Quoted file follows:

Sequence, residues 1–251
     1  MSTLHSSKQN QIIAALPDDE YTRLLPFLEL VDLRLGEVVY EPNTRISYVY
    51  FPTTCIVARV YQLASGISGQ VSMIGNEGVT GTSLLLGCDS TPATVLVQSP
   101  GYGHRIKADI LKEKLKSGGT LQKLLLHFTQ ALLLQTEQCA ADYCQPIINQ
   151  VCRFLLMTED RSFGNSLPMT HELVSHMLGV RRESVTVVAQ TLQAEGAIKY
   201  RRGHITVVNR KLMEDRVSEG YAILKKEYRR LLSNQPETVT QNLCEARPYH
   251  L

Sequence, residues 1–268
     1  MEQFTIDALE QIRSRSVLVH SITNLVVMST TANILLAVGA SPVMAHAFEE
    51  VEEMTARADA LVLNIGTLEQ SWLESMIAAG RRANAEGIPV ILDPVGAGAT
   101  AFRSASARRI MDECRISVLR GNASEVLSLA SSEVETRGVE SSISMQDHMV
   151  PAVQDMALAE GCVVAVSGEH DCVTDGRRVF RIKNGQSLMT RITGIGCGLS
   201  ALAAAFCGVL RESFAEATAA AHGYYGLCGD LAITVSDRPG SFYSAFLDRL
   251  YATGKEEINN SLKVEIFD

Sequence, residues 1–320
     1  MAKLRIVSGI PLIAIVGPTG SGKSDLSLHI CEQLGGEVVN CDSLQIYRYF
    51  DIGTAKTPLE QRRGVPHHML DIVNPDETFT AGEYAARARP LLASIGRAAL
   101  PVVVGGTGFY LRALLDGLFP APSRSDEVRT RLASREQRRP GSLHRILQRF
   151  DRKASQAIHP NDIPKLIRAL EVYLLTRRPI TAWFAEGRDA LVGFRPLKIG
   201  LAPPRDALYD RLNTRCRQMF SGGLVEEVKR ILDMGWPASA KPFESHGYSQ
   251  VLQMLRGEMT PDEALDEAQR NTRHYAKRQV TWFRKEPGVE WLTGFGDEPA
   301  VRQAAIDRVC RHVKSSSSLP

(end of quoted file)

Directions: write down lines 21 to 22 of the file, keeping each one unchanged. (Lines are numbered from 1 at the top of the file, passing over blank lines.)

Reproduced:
   251  VLQMLRGEMT PDEALDEAQR NTRHYAKRQV TWFRKEPGVE WLTGFGDEPA
   301  VRQAAIDRVC RHVKSSSSLP